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Nov 5th, 2012
 
Crushed porous silicon anodes pave way to develop low-cost, high-performance batteries
 
The team led by Rice engineer Sibani Lisa Biswal and research scientist Madhuri Thakur reported in Nature's open access journal Scientific Reports on the creation of a silicon-based anode, the negative electrode of a battery, that easily achieves 600 charge-discharge cycles at 1,000 milliamp hours per gram (mAh/g).
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  • Researchers at Rice University have refined silicon-based lithium-ion technology by literally crushing their previous work to make a high-capacity, long-lived and low-cost anode material with serious commercial potential for rechargeable lithium batteries.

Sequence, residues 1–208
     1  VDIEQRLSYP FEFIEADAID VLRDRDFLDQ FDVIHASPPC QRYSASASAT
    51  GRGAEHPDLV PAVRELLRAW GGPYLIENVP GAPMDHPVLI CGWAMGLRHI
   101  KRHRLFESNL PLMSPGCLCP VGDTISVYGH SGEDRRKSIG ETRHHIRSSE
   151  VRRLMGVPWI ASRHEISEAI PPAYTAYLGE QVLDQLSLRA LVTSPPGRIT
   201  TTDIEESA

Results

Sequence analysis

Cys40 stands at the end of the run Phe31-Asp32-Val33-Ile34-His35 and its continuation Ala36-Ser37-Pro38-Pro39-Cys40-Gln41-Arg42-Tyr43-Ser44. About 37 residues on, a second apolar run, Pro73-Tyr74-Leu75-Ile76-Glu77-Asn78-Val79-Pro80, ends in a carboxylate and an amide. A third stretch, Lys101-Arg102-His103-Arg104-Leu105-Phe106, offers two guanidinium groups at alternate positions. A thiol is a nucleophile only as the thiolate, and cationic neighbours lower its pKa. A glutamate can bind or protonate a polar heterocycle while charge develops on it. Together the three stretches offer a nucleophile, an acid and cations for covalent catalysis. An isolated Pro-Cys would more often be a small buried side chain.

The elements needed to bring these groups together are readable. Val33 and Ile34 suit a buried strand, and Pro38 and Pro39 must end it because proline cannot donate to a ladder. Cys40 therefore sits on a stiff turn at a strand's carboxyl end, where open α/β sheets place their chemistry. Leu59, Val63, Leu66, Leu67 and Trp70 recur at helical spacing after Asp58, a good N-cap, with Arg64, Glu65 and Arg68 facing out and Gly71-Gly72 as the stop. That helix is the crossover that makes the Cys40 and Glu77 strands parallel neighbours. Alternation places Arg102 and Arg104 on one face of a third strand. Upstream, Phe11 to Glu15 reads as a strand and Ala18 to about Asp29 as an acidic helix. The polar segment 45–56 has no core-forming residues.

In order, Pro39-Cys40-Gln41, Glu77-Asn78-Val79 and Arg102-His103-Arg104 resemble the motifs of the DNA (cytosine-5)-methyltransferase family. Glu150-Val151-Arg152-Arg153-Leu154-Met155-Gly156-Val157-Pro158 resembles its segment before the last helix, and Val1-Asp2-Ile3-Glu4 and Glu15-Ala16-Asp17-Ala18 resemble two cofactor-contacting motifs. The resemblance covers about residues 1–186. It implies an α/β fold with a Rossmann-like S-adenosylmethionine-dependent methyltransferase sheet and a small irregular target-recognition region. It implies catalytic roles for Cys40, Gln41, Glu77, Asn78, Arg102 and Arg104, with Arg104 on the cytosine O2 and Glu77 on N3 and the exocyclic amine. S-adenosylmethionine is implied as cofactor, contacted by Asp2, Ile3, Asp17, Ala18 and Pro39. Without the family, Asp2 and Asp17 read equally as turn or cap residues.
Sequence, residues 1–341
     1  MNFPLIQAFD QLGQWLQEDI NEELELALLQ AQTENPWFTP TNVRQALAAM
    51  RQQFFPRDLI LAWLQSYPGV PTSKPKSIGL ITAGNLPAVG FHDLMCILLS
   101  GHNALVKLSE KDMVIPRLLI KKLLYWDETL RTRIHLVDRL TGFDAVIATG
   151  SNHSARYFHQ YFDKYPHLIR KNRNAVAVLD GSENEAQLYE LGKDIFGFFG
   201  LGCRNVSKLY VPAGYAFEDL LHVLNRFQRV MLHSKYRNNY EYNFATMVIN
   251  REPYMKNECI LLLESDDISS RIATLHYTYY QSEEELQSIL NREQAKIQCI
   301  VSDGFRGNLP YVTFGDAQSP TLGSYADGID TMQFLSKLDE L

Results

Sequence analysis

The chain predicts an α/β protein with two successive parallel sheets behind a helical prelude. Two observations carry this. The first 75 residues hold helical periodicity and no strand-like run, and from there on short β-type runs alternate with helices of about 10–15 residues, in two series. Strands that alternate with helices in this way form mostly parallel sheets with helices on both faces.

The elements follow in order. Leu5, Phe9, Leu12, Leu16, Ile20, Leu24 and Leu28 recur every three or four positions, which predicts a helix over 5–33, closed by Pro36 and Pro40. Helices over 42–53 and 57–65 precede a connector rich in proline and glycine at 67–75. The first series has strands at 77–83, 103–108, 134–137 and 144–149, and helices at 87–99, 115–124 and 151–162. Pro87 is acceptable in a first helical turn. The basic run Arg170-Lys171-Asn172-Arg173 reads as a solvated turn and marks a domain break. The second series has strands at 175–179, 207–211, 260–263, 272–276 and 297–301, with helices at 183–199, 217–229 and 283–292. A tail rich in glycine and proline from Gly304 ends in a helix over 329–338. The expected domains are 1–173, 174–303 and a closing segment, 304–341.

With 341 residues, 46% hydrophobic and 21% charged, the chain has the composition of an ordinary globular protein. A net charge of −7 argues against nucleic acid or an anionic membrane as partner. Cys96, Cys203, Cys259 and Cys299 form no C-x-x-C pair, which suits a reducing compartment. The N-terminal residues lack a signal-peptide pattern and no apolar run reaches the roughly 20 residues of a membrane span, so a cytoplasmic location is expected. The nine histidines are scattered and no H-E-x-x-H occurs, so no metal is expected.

This is a significant improvement over the 350 mAh/g capacity of current graphite anodes.

That puts it squarely in the realm of next-generation battery technology competing to lower the cost and extend the range of electric vehicles.

The new work by Rice through the long-running Lockheed Martin Advanced Nanotechnology Center of Excellence at Rice (LANCER) is the next and biggest logical step since the partners began investigating batteries four years ago.

 

 
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